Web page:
The cloud thrown up from outer Kampala's unmade dirt roads barely has time to clear before the values of Kireka Primary School are spelled out. As the dust settles, visitors are greeted with a carefully painted pink and white boundary wall rising up out of the red Ugandan earth. It is decorated with a giant version of the school badge, complete with its stern Old Testament motto: "The fear of the Lord is the beginning of wisdom."
This is one of the world's most religious countries - a place where taxi drivers adorn their vehicles with references to biblical verses and coaches roar down the highways with "God is the best" emblazoned across their windows. But Kireka Primary, a private school run by the evangelical Seventh Day Adventist Church in the capital Kampala, feels conservative even by Uganda's standards. Inside the compound wall, clipped hedges, immaculate gingham uniforms and well-drilled students only add to the sense of a place where order and tradition are paramount.
It is the last school you would expect to be at the forefront of a revolution in child-centred teaching. But that is exactly what has happened in the past year. Kireka's teachers have abandoned their traditional chalk-and-talk pedagogy in favour of group work, classroom "energisers" and a new role as learning "facilitators". Thousands more teachers in Uganda are following in their wake. They are part of a scheme that was aiming to have transformed lessons for a quarter of a million children in the East African country by March, with millions more in other parts of the developing world expected to follow over the next decade.
Kireka principal Racheal Semakula has already seen a big positive impact on her students. "The learning has become more effective," she says. "They enjoy the lessons more than they used to and the discipline in the classroom is really coming up. You find each group discussing their work seriously."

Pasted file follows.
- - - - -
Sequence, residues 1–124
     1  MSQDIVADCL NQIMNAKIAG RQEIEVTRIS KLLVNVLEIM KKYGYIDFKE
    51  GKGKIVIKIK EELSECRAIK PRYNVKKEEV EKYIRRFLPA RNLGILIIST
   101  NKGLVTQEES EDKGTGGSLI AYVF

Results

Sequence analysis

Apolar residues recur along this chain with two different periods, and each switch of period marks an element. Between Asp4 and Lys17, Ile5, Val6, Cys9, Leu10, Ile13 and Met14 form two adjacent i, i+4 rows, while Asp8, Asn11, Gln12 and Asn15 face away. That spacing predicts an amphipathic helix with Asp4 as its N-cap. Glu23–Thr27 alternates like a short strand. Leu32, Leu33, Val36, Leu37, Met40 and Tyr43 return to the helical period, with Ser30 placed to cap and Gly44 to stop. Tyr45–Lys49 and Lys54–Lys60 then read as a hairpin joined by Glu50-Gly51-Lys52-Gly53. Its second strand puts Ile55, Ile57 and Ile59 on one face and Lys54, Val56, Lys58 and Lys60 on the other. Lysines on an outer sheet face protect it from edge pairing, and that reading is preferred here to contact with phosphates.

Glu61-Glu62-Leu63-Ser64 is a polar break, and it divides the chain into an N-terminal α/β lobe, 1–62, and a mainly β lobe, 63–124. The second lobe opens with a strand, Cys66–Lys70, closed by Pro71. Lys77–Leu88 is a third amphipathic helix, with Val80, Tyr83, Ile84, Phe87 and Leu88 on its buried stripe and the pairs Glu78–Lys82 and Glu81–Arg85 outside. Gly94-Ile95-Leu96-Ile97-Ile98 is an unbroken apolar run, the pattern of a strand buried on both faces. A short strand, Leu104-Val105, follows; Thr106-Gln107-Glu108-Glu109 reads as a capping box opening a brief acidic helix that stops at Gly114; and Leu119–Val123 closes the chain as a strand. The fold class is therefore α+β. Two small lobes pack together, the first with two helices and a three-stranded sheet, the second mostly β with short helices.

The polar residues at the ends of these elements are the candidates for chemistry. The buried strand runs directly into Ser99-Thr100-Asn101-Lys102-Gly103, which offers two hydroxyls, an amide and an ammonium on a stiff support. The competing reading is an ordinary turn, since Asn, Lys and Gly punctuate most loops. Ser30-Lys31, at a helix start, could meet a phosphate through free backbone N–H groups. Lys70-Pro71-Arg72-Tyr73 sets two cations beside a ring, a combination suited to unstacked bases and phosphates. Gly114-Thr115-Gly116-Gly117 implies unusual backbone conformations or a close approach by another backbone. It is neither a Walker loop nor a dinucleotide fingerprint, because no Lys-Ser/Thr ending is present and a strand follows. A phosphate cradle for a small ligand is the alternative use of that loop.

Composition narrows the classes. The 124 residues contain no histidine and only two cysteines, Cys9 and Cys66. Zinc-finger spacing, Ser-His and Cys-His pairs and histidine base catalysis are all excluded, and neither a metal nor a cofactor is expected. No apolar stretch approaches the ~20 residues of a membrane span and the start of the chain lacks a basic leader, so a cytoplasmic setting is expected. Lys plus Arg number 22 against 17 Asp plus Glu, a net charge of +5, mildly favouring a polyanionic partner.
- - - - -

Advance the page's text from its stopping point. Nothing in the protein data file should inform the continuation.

That is exactly what the organisation behind the changes - the Varkey Gems Foundation - had been hoping its low-cost teacher training scheme would achieve. Like many, it argues that it is not enough simply to increase school enrolment in the developing world, but that the quality of education provided must improve as well.
Key to the affordability of the plan is a cascade model that trains two senior staff from each school, who then tutor their colleagues when they return. To make this multiplier effect work, the senior staff - ideally including the school principal - must quickly grasp the methods during a five-day course so intensive that "the art of teaching" is covered in a single day.
"I did not like it," Semakula says, laughing. "It was hectic. On the first day I didn't really understand what was going on. But on the second day, as the tutors explained it, I started to be interested. Later, on the third day, I started enjoying it." That slow start has not prevented her primary from being praised as a "star school" by the foundation. Kireka's management team has thrown itself into ensuring that staff embrace all aspects of the programme, from collaborative learning to critical thinking skills.
Every morning at seven, Moses Kawesa - the school's training instructor - gathers all the teachers in a cramped staffroom and, after a collective prayer, spends 35 minutes going through an aspect of the course. "It relieves the teacher of the stress and strain of using a lot of calories and talking all the time, giving instruction and doing all the work," Kawesa says, almost breathless with enthusiasm about his school's departure from teacher-centred habits. "We have come to realise that when we have discussions with children they discover, they learn and they enjoy. And in that way they start thinking and they don't shout."
Making it personal
The foundation - the philanthropic arm of Gems Education, a Dubai-based international private school operator - wants its scheme to "create a culture of personalised learning" in Ugandan classrooms. That might seem a tall order in a country where classes often contain more than 70 students. Kireka, which charges fees of 600,000 Ugandan shillings (pound;150) a term to boarding students, has the resources to use teams of three teachers in its bigger classes. But there are plenty of schools in Uganda where a teacher will be expected to take a class of more than 100 students on their own. How can learning possibly be personalised under such circumstances?